I went into Steven Spielberg’s new movie, The Post, the other day as a fan boy of Katherine Graham, long-time publisher of The Washington Post, and came out humming with a powerful reminder that the press in America has a job to keep government in check. That’s being tested in this day and age of Trump.
If you don’t know the story, the movie is about the publishing of The Pentagon Papers, a secret report that showed the United Stated government knew for decades and over multiple administrations that the Vietnam War was a disaster, so they lied to the public and the press — time and time again — to avoid the shame of a military defeat. Meanwhile, tens of thousands of soldiers were sent overseas to fight, and to die.
The New York Times, and The Washington Post, led the charge to make the secret report public, and both were sued by the United States Attorney General to stop from doing so. Ultimately, the Supreme Court ruled in favor of the press in a powerful legal moment that defined one of the pillars of our society — the press has the freedom to ignore warnings from the government over what to publish.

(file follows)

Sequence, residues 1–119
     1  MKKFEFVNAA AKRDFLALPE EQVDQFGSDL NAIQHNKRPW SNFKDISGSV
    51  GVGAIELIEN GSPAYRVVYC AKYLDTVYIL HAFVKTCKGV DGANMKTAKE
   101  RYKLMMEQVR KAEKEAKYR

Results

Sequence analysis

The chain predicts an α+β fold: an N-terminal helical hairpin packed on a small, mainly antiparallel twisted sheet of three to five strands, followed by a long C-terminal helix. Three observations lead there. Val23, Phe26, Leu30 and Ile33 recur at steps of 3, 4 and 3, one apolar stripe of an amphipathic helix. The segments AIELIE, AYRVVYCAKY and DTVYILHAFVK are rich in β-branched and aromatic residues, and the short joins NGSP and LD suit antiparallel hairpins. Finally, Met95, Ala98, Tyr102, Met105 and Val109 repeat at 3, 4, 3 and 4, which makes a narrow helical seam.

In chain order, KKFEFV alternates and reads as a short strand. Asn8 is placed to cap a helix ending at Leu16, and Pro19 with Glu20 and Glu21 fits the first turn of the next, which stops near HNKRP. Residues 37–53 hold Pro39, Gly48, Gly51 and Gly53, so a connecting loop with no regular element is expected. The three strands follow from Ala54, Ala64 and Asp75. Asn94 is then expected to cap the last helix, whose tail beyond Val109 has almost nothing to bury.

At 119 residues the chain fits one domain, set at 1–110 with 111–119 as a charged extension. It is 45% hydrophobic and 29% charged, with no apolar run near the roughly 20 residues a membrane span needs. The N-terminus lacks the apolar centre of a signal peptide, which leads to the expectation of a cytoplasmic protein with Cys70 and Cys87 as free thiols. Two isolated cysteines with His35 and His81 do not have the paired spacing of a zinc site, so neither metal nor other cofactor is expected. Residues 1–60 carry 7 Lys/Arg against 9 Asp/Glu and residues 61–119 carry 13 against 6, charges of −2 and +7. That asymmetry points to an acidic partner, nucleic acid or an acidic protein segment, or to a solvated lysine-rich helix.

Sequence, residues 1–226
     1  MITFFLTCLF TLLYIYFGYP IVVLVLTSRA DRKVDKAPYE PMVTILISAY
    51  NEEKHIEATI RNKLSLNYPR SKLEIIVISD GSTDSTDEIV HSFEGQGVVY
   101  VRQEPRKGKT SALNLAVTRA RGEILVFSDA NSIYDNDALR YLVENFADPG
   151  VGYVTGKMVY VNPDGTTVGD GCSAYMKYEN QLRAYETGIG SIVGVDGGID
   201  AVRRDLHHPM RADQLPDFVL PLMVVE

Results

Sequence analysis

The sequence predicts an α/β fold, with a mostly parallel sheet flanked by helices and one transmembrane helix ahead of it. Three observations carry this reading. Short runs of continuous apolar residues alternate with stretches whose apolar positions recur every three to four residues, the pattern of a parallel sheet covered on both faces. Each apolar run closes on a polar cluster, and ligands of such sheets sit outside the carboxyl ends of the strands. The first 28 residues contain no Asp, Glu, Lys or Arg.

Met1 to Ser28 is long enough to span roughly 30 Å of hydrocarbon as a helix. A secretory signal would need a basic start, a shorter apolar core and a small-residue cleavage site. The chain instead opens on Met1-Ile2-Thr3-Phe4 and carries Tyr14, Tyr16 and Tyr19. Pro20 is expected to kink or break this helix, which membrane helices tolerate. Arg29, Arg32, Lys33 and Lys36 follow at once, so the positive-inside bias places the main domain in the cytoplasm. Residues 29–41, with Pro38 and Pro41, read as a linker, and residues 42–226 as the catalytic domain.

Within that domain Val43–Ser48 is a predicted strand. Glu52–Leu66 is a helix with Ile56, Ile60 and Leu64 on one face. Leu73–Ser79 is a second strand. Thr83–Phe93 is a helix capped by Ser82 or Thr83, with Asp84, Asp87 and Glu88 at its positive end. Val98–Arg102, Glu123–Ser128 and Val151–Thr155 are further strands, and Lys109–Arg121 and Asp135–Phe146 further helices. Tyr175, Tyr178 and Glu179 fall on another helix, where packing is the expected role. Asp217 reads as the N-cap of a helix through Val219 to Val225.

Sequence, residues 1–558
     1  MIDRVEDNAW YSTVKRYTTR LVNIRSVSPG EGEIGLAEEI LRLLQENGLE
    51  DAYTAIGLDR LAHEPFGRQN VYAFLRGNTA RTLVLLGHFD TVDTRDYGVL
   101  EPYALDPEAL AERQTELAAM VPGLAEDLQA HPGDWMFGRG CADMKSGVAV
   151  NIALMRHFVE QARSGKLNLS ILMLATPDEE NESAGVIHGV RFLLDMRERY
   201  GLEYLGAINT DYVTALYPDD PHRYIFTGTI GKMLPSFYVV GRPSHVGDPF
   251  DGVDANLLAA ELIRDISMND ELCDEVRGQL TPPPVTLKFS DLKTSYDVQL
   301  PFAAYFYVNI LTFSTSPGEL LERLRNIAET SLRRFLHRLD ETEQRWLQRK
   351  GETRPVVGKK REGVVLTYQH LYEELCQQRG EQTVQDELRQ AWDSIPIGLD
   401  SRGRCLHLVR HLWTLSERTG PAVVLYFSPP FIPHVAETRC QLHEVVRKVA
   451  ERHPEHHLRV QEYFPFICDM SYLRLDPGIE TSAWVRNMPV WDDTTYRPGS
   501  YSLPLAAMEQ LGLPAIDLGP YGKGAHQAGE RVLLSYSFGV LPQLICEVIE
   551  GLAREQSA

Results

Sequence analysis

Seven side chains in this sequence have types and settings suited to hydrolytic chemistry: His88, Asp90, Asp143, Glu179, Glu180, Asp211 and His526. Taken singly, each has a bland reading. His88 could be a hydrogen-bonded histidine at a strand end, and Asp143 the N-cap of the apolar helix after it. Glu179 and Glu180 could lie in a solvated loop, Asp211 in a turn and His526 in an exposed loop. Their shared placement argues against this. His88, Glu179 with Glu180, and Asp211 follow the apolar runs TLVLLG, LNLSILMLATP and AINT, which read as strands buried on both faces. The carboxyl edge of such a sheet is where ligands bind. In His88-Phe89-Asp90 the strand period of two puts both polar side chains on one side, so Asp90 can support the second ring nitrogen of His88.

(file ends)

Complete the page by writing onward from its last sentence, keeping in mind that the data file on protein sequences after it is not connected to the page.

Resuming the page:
At the end of the movie, after the Supreme Court ruled in favor of the newspapers, the entire audience in the movie theater I was in cheered and clapped at the court’s decision and at the bravery of the newspaper publishers like Kay Graham to risk jail and financial ruin, with the unspoken specter of Nixon and then Trump being in the room (neither would not want to be in that room, I am pretty sure), and all of Trump’s “fake news” utterings being exposed for what it is: a deflection of criticism and probably a real fear of the investigation underway.
“There is no collusion” being the modern version of “I am not a crook.”
The movie itself is a bit too melodramatic — it’s a movie, after all — but I found the portrayal of Graham to be solid, particularly in the scenes where she grapples with being a woman thrust into her position by the suicide of her husband and surrounded by men who think they know better than her about the company she leads. We see Graham come into her own as a powerful woman in a time when that was not common. A scene where she leaves the Supreme Courthouse and is surrounded by a sea of young women protesters is a powerful visual, and Spielberg lets the sight of Graham in the crowd tell the story of her impact in society.
The other thing I loved is the way Spielberg captures the printing press operations, and as a former newspaper journalist, I remember watching our presses rolling, and feeling the building shake as the newspaper was “put to bed” at night. The setting of type and the excitement of grabbing a paper fresh off the press … it’s all tangible reminders that the news business has changed, and we’ve lost the art of making a newspaper to the speed of updated webpages.
Peace (and power to the press),